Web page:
Thread: I keep thinking about EU foreign affairs minister Josep Borrell's disastrous trip to Moscow. And how he finally concluded that “Russia is drifting towards an authoritarian state and driving away from Europe:”…
(2) While I wholeheartedly agree with Borrell's and the Council's conclusion, I keep wondering, why has it taken the EU institutions 12 years to realize this? Russia announced that it saw the EU as a competitor in 2009, when it objected to the Eastern Partnership initiative.
(3) Russia saw the Eastern Partnership as an attempt by the EU to gain geopolitical influence in the "lands in between" Russia and the EU, the start of a geopolitical competition I describe in:…
(4) In 2010, Russia codified its new threat perception by updating its military and security strategy to specify that Russia had often been invaded by the West and that the Western nations constituted the most important security threat to Russia. Yet, few reacted.
(5) Since that time, a decade ago, Russia has made it abundantly clear that it viewed not only NATO, but also the seemingly peaceful EU, as a threat. That explains, in part, why it reacted to the EU-Maidan protests in Ukraine by invading the country in 2014.
(6) Those protests were sparked by Russia's veto of Ukraine's bid for a closer relationship with the EU. Russia told Ukraine's then-president Yanukovich no. He pulled out of a free trade agreement. And the protests began. It was directed against the EU.
(7) Since that time, Russia has sought to counter EU influence in the lands in between in every way possible. Russia has sought to undermine the EU from within by sponsoring Euroskeptic radical right parties and the Brexit leave campaign. @A_SHEKH0VTS0V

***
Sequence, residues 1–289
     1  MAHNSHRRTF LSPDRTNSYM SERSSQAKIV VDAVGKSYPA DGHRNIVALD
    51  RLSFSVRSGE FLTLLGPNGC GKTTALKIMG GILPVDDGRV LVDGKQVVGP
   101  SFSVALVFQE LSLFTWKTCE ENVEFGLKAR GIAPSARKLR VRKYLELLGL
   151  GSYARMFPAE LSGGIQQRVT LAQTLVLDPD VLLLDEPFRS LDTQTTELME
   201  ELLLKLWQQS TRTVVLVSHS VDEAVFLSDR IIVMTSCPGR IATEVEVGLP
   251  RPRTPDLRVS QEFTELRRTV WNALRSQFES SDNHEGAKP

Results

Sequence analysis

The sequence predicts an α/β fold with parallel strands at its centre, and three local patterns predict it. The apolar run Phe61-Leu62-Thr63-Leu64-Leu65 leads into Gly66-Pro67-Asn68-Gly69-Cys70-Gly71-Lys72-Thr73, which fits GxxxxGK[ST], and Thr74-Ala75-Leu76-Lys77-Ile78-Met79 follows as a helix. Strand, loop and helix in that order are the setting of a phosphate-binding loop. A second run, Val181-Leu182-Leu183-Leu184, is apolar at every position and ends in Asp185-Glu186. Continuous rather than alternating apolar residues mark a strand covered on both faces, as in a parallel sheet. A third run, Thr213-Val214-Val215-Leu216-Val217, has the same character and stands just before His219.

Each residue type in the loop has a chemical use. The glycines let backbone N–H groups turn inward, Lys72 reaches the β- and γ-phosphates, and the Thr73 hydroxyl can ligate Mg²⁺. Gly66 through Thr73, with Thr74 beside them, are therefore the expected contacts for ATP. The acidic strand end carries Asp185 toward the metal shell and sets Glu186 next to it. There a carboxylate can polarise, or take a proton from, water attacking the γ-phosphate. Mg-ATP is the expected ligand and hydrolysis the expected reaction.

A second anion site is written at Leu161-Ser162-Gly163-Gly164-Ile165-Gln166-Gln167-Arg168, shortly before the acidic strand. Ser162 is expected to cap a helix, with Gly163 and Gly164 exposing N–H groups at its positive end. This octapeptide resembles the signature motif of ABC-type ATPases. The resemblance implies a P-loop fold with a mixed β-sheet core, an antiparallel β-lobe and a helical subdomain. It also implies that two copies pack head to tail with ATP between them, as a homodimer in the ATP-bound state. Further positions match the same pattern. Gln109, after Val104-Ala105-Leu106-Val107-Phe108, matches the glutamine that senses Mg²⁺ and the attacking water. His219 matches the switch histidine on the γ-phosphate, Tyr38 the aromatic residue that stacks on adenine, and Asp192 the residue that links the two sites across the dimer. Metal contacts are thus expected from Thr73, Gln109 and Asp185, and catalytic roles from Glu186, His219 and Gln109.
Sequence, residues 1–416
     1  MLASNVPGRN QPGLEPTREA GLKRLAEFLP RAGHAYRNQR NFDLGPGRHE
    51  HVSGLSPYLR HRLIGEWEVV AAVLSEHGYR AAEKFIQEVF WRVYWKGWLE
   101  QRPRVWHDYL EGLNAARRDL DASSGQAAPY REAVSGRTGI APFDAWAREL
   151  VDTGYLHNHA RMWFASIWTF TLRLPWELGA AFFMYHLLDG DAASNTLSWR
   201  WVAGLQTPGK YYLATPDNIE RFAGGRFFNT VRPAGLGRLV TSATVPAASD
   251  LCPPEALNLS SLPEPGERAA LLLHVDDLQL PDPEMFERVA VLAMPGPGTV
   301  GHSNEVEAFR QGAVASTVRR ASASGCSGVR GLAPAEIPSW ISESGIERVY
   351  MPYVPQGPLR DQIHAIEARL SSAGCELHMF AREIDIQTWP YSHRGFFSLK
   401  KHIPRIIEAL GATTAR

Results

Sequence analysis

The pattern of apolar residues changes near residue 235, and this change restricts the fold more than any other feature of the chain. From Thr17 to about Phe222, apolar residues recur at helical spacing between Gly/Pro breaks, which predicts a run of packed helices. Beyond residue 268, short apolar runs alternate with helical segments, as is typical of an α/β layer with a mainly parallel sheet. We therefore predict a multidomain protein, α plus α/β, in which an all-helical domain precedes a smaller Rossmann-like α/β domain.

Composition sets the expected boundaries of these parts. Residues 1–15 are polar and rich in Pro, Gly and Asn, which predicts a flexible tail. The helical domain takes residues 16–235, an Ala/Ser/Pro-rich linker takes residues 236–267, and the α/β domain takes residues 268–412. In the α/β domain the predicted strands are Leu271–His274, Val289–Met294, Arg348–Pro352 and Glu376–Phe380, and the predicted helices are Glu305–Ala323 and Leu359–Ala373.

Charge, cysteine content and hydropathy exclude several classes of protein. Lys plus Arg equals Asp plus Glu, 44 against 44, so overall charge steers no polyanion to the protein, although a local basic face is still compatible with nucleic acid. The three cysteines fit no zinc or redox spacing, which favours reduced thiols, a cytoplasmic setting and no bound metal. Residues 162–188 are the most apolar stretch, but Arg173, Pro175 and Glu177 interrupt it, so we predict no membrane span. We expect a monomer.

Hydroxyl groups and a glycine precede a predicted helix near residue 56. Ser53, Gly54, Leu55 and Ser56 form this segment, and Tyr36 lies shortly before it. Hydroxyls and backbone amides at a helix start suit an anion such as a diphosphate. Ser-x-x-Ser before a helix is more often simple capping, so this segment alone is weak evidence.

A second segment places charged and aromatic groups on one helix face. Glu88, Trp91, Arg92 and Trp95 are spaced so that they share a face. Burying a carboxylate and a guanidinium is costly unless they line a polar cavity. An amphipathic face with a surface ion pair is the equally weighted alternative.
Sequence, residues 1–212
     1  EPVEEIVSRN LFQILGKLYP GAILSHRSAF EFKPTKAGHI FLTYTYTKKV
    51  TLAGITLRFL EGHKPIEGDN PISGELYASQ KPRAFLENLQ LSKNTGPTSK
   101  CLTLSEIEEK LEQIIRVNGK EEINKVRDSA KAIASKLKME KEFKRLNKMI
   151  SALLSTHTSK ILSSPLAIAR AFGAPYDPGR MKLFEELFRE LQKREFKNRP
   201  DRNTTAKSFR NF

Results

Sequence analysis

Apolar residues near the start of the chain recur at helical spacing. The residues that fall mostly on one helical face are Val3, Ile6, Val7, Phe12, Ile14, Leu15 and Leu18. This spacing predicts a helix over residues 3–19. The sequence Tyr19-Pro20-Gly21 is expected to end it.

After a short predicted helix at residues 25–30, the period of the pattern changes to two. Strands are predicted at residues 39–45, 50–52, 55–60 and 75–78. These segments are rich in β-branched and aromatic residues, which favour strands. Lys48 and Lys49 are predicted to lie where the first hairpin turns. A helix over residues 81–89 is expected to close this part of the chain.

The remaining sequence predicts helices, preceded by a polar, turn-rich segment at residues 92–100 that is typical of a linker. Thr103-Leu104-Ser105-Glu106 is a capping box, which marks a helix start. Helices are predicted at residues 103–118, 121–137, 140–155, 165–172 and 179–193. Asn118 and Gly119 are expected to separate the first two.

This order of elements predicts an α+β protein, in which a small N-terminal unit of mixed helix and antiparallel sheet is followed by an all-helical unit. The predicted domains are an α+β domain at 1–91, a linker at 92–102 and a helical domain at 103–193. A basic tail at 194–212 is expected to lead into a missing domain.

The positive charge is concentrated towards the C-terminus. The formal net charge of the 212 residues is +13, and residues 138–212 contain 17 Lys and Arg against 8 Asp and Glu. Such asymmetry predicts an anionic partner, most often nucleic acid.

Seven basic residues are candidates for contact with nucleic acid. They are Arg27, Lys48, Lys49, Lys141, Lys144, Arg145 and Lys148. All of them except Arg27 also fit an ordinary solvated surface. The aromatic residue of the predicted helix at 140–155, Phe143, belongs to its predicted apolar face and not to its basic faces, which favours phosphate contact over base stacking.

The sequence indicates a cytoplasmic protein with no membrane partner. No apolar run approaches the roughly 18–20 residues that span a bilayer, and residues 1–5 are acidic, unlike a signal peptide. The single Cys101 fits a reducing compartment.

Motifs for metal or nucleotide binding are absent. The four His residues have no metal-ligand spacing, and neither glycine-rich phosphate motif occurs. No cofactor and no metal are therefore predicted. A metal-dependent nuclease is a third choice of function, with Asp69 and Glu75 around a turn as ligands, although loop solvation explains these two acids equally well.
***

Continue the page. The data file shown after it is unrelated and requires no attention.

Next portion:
(8) As well as Trojan horse governments within the EU, as described by @rdanielkelemen and myself:…
(9) Despite all this, Josep Borrell thought it a good idea to visit Moscow to discuss EU opposition to the poisoning and jailing of Alexei Navalny, the Russian opposition leader who has profiled Kremlin corruption. Russia expelled several EU diplomats during Borrell's visit.
(10) Now, in 2021, Borrell and the Council can officially state that Russia "looks interested in confrontation and disengagement from the European Union," ya think?
(11) A whole other thread is required on Lavrov's statements about Borrell and the EU, which seemed openly hostile and indicated that Russia is prepared for a break with the European Union, if it imposes new sanctions, as it did today.
(12) In essence, Lavrov indicated that Russia will break off relations with EU institutions, but NOT with individual EU states. For Russia sells most of its prized oil and gas to Europe. It does not like its customers banding together in the EU to fight for better prices.
(13) I also wonder at the Russia position. Does the Kremlin really think it gains anything from such a confrontational stance towards Europe? It seems like it only loses. Maybe this is akin to Brexit -- the gains are entirely in pride, not in real power. (End)

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